Miller needs to keep change to a minimum

March 23, 1998|By Ken Rosenthal

FORT LAUDERDALE, Fla. -- If Ray Miller is looking for a manager to emulate, he should forget Davey Johnson, Jim Leyland or even Earl Weaver.

It almost hurts to say this, but here goes:

Be like Cito!

That's right, Cito Gaston, the manager despised not only by Orioles fans, but also by many Blue Jays fans in Toronto.

Johnson, Leyland, Weaver -- Miller learned from the best. But say this for Gaston: He took over a talented team, and didn't screw it up.

In fact, Gaston won back-to-back world championships with the Blue Jays, doing it as only he could, without ever getting his lineup card dirty.

His players included three current Orioles -- Roberto Alomar, Joe Carter and Jimmy Key. His general manager was the Orioles' current GM, Pat Gillick.

See the connection?

No one ever accused Gaston of being a master strategist, but he didn't need to be Connie Mack with Alomar, Carter and Co. tormenting opposing pitchers, and relievers Duane Ward and Tom Henke reducing games to seven innings.

Miller might possess a sharper baseball mind than Gaston. Orioles officials believe he is a harder worker and better communicator than Johnson. But he won't be a successful manager if he tries to show off, tries to do too much.

It's a legitimate concern.

This is Miller's second -- and probably last -- chance.

He was a flop in Minnesota more than a decade ago. Now he wants to prove that he knows how to manage, prove he was the right choice to replace Johnson.

Owner Peter Angelos gave him the keys to a Ferrari -- a $70 million model, albeit one with slightly worn tires. Miller can't wait to turn the ignition. The question is, how is he going to steer?

The answer won't be known until the games begin, but the issues that will define Miller's tenure as manager already seem clear: How will he divide playing time among so many veterans?

How will he set up his bullpen?

How will he stack his lineup?

None of this is so complicated. But consider a simple lineup question that Miller has pondered for several days. It demonstrates how tempting it will be for him to overmanage.

Ideally, Miller wants to bat B. J. Surhoff or Eric Davis second, and drop Alomar to third. He talked up the idea all week, then appeared to back off yesterday, saying that Alomar likely would be his No. 2 hitter in the season opener against Kansas City.

His basic rationale for the change is sound: Miller envisions the switch-hitting Alomar as an even bigger threat hitting third, using the whole field to drive in runs, instead of simply trying to shoot the ball through the first-base hole.

The problem is, the Orioles' lineup works better with Alomar batting second. He still figures to be weaker from the right side, so the Orioles need to protect him with a right-handed hitter. That way, they would prevent an opposing manager from neutralizing the middle of their order with a left-handed reliever.

But what would happen if you put a right-handed cleanup hitter behind Alomar?

Rafael Palmeiro would bat fifth.

Miller is leaving his options open, saying he still might "load up" and bat Alomar third against certain left-handers (Surhoff hits lefties better than righties, and Davis batted .382 against them last season). But he doesn't need to force the issue to make himself look smart.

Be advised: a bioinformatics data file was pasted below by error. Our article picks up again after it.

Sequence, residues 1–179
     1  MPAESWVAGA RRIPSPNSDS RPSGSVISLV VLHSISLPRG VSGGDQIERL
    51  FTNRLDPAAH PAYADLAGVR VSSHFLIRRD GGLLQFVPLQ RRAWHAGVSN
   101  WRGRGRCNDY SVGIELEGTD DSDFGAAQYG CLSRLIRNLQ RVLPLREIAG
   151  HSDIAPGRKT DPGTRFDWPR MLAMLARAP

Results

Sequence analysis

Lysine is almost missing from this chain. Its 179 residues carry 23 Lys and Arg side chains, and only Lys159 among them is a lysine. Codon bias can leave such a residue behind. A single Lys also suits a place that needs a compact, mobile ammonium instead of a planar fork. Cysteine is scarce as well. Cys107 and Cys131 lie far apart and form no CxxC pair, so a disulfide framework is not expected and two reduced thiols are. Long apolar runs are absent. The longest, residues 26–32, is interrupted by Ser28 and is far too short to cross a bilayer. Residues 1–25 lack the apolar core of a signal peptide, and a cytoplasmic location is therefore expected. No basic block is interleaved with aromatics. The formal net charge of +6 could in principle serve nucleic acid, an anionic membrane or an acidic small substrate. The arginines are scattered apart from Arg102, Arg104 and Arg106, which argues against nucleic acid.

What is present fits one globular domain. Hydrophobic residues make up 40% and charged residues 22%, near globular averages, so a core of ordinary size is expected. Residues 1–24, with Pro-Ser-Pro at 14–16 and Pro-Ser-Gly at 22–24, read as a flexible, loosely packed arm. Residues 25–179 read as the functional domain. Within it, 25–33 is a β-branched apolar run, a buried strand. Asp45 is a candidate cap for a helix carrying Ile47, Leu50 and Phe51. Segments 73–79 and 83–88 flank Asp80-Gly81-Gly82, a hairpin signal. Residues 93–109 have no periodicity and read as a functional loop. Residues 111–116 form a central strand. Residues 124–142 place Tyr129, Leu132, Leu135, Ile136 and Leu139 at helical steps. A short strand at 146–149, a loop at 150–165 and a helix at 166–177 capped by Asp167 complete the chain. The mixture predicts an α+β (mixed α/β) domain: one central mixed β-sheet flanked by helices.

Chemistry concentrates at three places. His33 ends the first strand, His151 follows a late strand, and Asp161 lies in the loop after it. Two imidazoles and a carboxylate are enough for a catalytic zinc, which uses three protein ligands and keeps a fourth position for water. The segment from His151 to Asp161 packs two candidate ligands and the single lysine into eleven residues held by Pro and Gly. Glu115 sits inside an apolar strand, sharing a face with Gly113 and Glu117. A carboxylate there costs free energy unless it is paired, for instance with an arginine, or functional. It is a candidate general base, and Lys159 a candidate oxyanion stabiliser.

That's what Johnson did.

And no, not everyone can get away with it.

Johnson fancied himself as baseball's answer to Bobby Fischer, tinkering constantly, using his players as pawns. Whether he put Bobby Bonilla at DH, Cal Ripken at third base or Jeff Reboulet in the lineup against Randy Johnson, he didn't care what his players thought of him, as long as he won.

He won last season with Alomar batting second, Davis third and Palmeiro fourth, his principal lineup until Davis underwent colon-cancer surgery. If Miller wants to change it, fine. But changing it for change's sake would be the worst thing he could do.

No question, Johnson was in love with his own ideas, even as a player, when he tried to tell Weaver how to manage. But the bottom line is, he won when he was supposed to win, not just with the Orioles, but also with the New York Mets and Cincinnati Reds.

He didn't screw it up.

That, ultimately, is the highest compliment the manager of a talented club can receive, be it Johnson or Gaston, Sparky Anderson with the Big Red Machine, or Joe Torre with the 1996 New York Yankees.

The job is not without challenges, even under the best of conditions. The Orioles supposedly are loaded. Yet, the back end of their rotation could falter. Their middle-inning relief looks shaky. Their catchers will struggle to throw out opposing base stealers.

They've also got a glut of outfielders and DHs -- Carter, Davis and Surhoff, Brady Anderson, Harold Baines and Jeffrey Hammonds. Most are accustomed to playing every day. Hammonds, the youngest at 27, needs to play every day. And it's Miller's job to keep all of them happy.

The key -- and the one edge Miller might have over Johnson -- is communication. Miller plans to give everyone advance notice of the next day's lineup. Johnson did, too, but at times, he appeared to invite confrontations.

For all his faults, Gaston was an excellent communicator -- he had the respect of his players, and got more out of Alomar than any other manager. He wasn't Johnson. He wasn't Leyland. And he sure wasn't Weaver. But there was something to be said for his understated style. He let his players play. He didn't pretend to be a genius.

Be like Cito, Ray.

Don't screw it up.

Pub Date: 3/23/98

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